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Critics: Farm Bill Work Requirements Counterproductive

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Two-thirds of SNAP recipients are children, the elderly and people with disabilities. (Pixabay)
Two-thirds of SNAP recipients are children, the elderly and people with disabilities. (Pixabay)
 By Eric Galatas, Public News Service - CO - Producer, Contact
April 18, 2018

DENVER - The U.S. House Agriculture Committee is expected today to hear a draft Farm Bill that would require millions of people currently caring for children, and those between the ages of 50 and 59, to find a job or lose their Supplemental Nutrition Assistance Program (SNAP) benefits.

Katharine Ferguson, policy director for the group Hunger Free Colorado, warned that if it passes, the measure would increase hunger across the country and create more hurdles for people looking for work.

"We always tell kids to eat a good breakfast, and that's because food fuels minds and food fuels work," she said. "People will be in a better place to contribute to society, and a better place to succeed, if they have enough to eat."

Ferguson said the bill would end or reduce benefits for tens of thousands of Coloradans already living on tight budgets. Rep. Michael Conaway, R-Texas, who chairs the Ag Committee, said the changes are necessary to break what he called "a cycle of poverty." Other proponents claim they'd prompt people who are struggling to get off public assistance and back into the workforce.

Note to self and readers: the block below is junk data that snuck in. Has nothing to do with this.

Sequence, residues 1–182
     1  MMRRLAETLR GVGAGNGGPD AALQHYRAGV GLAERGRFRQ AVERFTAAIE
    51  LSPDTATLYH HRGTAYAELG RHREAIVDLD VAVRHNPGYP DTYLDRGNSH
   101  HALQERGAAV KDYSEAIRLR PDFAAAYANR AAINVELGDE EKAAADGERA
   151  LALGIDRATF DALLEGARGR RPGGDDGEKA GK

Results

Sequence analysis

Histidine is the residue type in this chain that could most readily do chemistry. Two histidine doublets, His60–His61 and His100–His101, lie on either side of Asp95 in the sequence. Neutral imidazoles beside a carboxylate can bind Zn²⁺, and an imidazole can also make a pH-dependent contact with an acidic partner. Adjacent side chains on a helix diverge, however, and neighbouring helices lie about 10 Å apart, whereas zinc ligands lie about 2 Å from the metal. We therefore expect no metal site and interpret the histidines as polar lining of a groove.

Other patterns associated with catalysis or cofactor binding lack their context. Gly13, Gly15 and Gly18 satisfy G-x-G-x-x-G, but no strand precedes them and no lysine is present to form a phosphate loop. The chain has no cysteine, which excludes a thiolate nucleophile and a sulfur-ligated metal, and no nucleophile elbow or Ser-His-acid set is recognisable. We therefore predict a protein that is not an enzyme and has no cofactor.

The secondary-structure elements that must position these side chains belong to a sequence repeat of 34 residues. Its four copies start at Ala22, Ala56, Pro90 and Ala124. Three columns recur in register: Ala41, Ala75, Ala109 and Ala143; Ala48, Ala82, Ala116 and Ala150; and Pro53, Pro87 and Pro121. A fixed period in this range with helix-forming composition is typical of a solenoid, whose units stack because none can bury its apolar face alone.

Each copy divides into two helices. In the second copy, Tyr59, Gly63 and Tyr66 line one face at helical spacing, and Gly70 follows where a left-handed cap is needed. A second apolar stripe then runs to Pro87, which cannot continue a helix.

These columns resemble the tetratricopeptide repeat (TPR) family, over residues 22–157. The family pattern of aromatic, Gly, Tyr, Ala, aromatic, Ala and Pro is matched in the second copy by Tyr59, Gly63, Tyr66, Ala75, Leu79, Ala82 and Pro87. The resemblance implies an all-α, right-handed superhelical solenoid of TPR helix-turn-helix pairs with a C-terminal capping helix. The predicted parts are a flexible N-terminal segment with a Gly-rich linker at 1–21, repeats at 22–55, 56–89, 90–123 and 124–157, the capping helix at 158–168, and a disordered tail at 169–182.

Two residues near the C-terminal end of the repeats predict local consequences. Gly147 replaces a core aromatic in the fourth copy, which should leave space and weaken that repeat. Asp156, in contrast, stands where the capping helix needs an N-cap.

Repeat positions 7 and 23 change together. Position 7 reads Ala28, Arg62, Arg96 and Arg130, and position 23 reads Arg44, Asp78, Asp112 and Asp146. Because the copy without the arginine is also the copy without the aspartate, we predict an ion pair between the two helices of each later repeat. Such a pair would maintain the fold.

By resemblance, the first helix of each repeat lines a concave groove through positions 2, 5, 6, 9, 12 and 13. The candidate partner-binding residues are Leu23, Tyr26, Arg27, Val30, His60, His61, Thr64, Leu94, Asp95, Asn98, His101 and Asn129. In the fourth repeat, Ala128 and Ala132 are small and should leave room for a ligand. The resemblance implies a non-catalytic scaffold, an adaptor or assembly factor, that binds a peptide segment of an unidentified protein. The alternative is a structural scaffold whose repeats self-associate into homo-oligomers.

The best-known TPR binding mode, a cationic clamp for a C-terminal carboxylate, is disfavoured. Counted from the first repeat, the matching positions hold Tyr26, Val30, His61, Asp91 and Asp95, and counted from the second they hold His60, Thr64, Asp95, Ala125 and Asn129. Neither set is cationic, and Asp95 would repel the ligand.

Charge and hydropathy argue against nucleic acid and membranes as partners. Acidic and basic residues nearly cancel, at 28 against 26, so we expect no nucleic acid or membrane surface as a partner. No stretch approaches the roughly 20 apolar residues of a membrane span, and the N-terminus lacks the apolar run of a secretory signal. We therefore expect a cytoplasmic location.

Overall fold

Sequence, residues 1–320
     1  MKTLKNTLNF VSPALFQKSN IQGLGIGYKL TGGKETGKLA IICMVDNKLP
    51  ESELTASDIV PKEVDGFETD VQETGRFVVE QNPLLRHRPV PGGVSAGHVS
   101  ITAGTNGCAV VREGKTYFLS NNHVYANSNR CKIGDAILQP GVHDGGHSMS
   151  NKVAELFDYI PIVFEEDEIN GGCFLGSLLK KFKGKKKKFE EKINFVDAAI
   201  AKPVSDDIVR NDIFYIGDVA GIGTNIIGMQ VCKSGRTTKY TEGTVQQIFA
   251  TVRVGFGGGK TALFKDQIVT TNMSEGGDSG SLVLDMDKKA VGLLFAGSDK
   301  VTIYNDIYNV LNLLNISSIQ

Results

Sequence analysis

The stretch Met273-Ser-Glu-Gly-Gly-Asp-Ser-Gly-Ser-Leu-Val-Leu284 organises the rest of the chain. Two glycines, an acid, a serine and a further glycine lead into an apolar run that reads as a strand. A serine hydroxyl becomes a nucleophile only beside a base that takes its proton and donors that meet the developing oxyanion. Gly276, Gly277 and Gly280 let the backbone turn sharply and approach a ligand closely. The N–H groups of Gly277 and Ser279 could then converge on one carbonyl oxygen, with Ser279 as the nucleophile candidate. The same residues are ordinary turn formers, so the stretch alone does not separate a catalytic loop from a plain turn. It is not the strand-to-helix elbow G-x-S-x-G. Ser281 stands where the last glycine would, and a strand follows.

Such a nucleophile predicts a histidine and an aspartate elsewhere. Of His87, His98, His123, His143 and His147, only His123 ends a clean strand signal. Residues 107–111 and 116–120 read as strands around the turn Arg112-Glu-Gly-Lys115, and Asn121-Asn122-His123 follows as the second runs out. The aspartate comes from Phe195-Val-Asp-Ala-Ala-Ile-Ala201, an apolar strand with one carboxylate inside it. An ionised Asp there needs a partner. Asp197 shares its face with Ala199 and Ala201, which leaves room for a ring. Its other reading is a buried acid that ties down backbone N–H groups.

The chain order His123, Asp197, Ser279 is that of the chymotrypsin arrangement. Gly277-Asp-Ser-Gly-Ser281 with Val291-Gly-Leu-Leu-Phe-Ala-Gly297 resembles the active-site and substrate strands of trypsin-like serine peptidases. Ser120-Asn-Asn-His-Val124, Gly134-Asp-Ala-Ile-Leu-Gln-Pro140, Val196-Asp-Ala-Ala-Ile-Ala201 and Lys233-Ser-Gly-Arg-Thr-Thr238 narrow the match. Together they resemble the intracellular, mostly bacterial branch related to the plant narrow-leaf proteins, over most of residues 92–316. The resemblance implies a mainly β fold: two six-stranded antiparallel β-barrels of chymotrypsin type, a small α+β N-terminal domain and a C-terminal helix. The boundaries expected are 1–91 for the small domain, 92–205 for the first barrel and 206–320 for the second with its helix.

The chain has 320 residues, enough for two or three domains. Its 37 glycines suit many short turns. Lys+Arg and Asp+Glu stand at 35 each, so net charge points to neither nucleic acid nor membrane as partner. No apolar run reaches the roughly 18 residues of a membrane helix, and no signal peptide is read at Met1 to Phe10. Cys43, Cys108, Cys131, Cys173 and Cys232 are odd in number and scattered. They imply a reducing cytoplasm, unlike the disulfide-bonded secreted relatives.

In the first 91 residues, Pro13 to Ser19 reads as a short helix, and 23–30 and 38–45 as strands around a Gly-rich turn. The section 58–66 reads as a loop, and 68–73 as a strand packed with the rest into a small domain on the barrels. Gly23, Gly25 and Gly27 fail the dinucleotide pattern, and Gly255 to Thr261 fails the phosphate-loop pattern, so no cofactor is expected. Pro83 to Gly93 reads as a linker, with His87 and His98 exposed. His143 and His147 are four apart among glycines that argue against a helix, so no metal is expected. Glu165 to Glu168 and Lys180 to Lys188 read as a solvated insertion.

According to the Union of Concerned Scientists, data from the U.S. Department of Agriculture shows that for the most part, working-age adults aren't dependent on SNAP, the program formerly known as food stamps, and that only children, the elderly and people with disabilities receive food assistance for extended periods of time.

Ferguson said most participants already are working, but many jobs don't pay enough to make ends meet.

"When people can work, they do work, and the barriers to working are often very practical," she said. "We have an acute shortage of child care, especially for Colorado's rural communities and in communities where the wait for child care may be months."

She said she thinks the bill would add costly layers of bureaucracy by creating a Duplicative Enrollment Database, in an effort to reduce potential fraud. She said counties would have to absorb the additional expense, and the requirements also could mean less local control.

Details of the bill are online at agriculture.house.gov.

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